San Mateo Daily Journal – Small Businesses Struggling to Stay Open

Still open for business

Businesses, battered by coronavirus, look to better days

Her small business has been shut down since shelter-in-place orders began March 17 in the Bay Area. She paid the $1,710 in office rent. But a county property tax bill of about $4,000 looms.

Consider small business owners whose income has gone down to zero because of the coronavirus, asked the woman during public comment at Monday’s meeting of the Redwood City Council.

Her voicemail says she’s looking forward to taking care of customers after April 7, when the San Mateo County stay-at-home order ends — unless extended past that date.

Members of the Redwood City Council heard about measures the municipality is taking during the crisis — and Alin Lancaster of the city staff recount the Bay Area shelter-in-place order that was followed two days later by Gov. Gavin Newsom’s statewide measure.

Many restaurants are offering take-out orders during the shutdown. Angelica Solorzano, part owner of the Main Street restaurant that bears her name, said the Redwood City site won’t stay open for take-out food.

“We tried to do a lot of media but it just didn’t take off,” Solorzano said.

The restaurant only took in about $300 last week, she said.

Tiffani Viviani bought a hair salon on Laurel Street in San Carlos March 1 and spoke about the statewide shelter-in-place order that affects her and 12 people at the site who can’t perform their craft.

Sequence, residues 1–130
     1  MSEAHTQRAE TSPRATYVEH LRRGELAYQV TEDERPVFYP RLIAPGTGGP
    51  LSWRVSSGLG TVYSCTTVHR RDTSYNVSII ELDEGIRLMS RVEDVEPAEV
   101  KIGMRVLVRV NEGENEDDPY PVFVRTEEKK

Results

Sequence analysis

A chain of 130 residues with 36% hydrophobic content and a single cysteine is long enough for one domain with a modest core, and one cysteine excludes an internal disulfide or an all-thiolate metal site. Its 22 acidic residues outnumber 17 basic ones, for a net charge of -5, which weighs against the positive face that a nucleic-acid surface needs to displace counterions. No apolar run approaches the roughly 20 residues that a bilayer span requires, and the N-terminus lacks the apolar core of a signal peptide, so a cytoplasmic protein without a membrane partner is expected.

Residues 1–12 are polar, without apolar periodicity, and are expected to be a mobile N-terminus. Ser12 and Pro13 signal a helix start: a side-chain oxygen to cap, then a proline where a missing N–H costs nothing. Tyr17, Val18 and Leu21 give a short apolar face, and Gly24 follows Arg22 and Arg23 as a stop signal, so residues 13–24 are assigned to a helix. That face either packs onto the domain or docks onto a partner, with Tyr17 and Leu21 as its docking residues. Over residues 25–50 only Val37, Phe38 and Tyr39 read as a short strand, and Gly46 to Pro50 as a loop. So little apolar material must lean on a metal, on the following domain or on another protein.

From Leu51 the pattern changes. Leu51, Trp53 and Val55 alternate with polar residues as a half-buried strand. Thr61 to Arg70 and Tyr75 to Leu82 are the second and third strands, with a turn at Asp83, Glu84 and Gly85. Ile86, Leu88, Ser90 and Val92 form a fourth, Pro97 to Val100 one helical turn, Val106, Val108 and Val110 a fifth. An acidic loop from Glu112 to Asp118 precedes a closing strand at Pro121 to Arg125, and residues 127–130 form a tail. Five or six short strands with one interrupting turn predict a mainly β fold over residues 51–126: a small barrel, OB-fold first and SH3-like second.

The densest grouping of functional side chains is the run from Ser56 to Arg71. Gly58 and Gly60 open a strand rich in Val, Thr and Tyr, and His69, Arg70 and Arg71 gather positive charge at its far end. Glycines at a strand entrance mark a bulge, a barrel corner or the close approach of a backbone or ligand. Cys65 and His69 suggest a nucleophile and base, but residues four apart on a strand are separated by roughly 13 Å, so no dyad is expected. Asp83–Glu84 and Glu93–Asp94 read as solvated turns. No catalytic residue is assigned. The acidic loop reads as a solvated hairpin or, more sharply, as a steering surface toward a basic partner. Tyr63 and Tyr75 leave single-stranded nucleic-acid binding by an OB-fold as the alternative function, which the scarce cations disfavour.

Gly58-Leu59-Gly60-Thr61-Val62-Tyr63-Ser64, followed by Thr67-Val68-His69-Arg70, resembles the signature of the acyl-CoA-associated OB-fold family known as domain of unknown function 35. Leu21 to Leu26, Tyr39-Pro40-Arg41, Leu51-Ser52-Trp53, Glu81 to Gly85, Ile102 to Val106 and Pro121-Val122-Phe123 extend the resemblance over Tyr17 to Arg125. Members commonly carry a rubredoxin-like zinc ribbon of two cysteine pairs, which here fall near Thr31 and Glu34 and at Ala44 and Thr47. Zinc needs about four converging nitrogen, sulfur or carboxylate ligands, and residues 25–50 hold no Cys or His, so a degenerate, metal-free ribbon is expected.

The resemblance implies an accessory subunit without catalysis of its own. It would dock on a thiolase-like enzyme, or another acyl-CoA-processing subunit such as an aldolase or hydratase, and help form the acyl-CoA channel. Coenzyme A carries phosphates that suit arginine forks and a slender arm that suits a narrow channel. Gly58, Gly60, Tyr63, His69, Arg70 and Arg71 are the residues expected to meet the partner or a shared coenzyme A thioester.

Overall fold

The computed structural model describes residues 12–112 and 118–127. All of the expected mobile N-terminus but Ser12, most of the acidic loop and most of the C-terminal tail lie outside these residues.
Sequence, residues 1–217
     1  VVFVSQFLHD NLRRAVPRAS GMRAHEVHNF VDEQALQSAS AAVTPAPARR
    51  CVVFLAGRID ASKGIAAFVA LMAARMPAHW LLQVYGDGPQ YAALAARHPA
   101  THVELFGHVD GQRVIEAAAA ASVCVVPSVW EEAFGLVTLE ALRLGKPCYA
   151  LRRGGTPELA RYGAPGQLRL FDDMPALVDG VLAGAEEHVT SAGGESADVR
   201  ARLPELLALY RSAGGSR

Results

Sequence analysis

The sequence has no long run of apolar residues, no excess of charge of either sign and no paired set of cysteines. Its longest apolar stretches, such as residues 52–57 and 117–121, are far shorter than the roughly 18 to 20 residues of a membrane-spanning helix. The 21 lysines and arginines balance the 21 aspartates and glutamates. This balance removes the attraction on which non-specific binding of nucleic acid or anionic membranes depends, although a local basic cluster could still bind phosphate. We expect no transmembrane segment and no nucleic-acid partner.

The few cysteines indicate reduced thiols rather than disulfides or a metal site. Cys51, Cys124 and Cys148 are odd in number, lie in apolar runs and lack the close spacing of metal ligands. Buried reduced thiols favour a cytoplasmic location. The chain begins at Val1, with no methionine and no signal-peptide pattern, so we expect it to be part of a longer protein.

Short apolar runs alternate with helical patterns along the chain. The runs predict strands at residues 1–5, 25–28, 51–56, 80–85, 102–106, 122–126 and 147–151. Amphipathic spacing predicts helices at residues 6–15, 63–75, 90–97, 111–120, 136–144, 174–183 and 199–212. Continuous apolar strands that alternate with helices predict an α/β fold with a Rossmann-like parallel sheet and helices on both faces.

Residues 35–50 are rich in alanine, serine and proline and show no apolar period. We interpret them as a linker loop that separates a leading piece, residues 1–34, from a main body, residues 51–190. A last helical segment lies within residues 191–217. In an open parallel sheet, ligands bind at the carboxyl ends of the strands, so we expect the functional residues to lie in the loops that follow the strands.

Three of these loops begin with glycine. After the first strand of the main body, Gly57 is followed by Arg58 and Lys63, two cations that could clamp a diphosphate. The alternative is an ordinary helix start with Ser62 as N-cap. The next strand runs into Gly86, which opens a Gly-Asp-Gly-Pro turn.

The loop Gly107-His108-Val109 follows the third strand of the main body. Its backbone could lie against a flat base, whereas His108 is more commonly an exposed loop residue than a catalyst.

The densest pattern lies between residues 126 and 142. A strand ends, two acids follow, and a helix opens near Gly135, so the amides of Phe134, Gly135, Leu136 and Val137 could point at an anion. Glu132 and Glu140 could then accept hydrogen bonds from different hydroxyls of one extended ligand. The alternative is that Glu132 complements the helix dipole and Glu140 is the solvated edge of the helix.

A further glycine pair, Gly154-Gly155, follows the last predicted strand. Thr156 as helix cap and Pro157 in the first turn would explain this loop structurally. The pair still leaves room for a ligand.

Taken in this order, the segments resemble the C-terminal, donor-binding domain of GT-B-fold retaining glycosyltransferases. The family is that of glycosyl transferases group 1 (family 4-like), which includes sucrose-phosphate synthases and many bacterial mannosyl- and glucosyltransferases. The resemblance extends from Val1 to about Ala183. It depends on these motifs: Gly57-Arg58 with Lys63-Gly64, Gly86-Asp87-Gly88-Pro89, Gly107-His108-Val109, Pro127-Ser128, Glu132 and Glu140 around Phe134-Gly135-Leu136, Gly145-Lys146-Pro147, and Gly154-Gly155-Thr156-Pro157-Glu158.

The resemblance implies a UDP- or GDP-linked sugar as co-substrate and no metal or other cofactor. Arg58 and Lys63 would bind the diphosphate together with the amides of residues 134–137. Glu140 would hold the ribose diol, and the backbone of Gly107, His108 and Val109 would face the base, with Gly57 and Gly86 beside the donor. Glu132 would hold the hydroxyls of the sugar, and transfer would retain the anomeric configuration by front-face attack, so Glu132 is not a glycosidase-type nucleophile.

Amy Buckmaster, president and CEO of the Redwood City-San Mateo County Chamber of Commerce, cited the San Mateo County Strong Fund that the Board of Supervisors launched with a $3 million donation. The fund will assist individuals, families, nonprofits and small businesses here.

“That’s going to be instrumental,” Buckmaster said.

“We’re going to be there for our small businesses,” she said. “We just can’t forget anybody and I don’t think we are.”

“I don’t know how long this is going to last,” Viviani said.

Everybody in business is going through the same situation, added Viviani, who said people are coming together as a community.

“We’re helping each other with everything,” she said.

Rick Juncker, owner of Erik’s DeliCafe on Walnut Street in Redwood City, wants to see what happens with shelter-in-place orders.

“Like everybody, we’re just trying to figure it out,” Juncker said.

Erik Johnson, founder of the delicafe that has more than 25 locations in Northern California, said in a message on the company’s website that, “From the Loma Prieta earthquake to the coronavirus outbreak that impacts us all today, we continue to adapt to the evolving situation.”

Redwood City chamber executive Buckmaster said the group, the San Mateo County Economic Development Association, or SAMCEDA, and others are assisting businesses and the public during the crisis.

“We are going to be messengers of hope,” she said.

“Now is the time when we all rise and help each other,” said Buckmaster.

Original Article – San Mateo Daily Journal